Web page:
Autoimmune hepatitis is a disease in which the body's immune system attacks liver cells. This immune response causes inflammation of the liver, also called hepatitis. Researchers think a genetic factor may make some people more susceptible to autoimmune diseases. About 70 percent of those with autoimmune hepatitis are female.
The disease is usually quite serious and, if not treated, gets worse over time. Autoimmune hepatitis is typically chronic, meaning it can last for years, and can lead to cirrhosis—scarring and hardening—of the liver. Eventually, liver failure can result.
Autoimmune hepatitis is classified as type 1 or type 2. Type 1 is the most common form in North America. It can occur at any age but most often starts in adolescence or young adulthood. About half of those with type 1 have other autoimmune disorders, such as
- type 1 diabetes
- proliferative glomerulonephritis, an inflammation of blood vessels in the kidneys
- thyroiditis, an inflammation of the thyroid gland
- Graves' disease, the leading cause of overactive thyroid
- Sjögren's syndrome, a syndrome that causes dry eyes and mouth
- autoimmune anemia
- ulcerative colitis, an inflammation of the colon and rectum leading to ulcers
Type 2 autoimmune hepatitis is less common, typically affecting girls aged 2 to 14, although adults can have it too.
What is autoimmune disease?
One job of the immune system is to protect the body from viruses, bacteria, and other living organisms. The immune system usually does not react against the body's own cells. However, sometimes it attacks the cells it is supposed to protect; this response is called autoimmunity. Researchers think certain bacteria, viruses, toxins, and drugs trigger an autoimmune response in people who are genetically susceptible to developing an autoimmune disorder.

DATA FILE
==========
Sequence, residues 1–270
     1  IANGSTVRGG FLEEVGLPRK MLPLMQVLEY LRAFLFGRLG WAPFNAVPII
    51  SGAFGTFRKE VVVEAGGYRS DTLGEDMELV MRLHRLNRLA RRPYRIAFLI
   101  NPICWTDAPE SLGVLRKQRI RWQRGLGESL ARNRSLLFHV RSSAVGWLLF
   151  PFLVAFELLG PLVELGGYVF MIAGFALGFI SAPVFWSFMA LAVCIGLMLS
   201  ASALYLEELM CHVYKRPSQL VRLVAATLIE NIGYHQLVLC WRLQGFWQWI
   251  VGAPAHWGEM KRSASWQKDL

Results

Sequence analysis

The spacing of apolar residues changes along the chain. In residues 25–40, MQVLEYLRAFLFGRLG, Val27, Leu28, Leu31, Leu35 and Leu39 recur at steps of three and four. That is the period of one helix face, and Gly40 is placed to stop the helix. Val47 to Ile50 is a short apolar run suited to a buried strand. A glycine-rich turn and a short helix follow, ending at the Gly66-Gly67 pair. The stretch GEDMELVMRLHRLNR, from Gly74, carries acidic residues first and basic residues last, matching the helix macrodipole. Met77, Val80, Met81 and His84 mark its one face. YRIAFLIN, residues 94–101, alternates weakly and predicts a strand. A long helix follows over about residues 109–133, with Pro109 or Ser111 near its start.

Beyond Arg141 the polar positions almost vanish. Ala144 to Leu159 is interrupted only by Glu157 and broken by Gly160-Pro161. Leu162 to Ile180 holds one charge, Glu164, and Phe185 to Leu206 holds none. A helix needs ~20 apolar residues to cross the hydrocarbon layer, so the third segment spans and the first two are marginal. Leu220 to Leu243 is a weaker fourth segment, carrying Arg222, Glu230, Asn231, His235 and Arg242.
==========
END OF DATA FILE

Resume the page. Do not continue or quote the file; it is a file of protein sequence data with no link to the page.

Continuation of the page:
What are the symptoms of autoimmune hepatitis?
Fatigue is probably the most common symptom of autoimmune hepatitis. Other symptoms include
- an enlarged liver
- skin rashes
- joint pain
- abdominal discomfort
- spider angiomas, or abnormal blood vessels, on the skin
- loss of appetite
- dark urine
- pale or gray-colored stools
People in advanced stages of the disease are more likely to have symptoms related to chronic liver disease, such as fluid in the abdomen—also called ascites—and mental confusion. Women may stop having menstrual periods.
Symptoms of autoimmune hepatitis range from mild to severe. Because severe viral hepatitis or hepatitis caused by a drug—for example, certain antibiotics—have the same symptoms as autoimmune hepatitis, tests may be needed for an exact diagnosis. Doctors should also review and rule out all medicines a patient is taking before diagnosing autoimmune hepatitis.
How is autoimmune hepatitis diagnosed?
The doctor will make a diagnosis based on symptoms, blood tests, and a liver biopsy.
Blood tests. A routine blood test for liver enzymes can help reveal a pattern typical of hepatitis, but further tests, especially for autoantibodies, are needed to diagnose autoimmune hepatitis. Antibodies are proteins made by the immune system to fight off bacteria and viruses. Autoantibodies attack the body's cells. In autoimmune hepatitis, the immune system makes one or more types of autoantibodies. The most common are antinuclear antibodies (ANA), smooth muscle antibodies (SMA), and antibodies to liver and kidney microsomes (anti-LKM). People with type 1 have ANA, SMA, or both, and people with type 2 have anti-LKM.
Blood tests also help distinguish autoimmune hepatitis from other diseases that resemble it, such as viral hepatitis B or C or a metabolic disease such as Wilson disease.
Liver biopsy. A tiny sample of liver tissue, examined with a microscope, can help doctors accurately diagnose autoimmune hepatitis and tell how serious it is. This procedure is done in a hospital or outpatient surgical facility.
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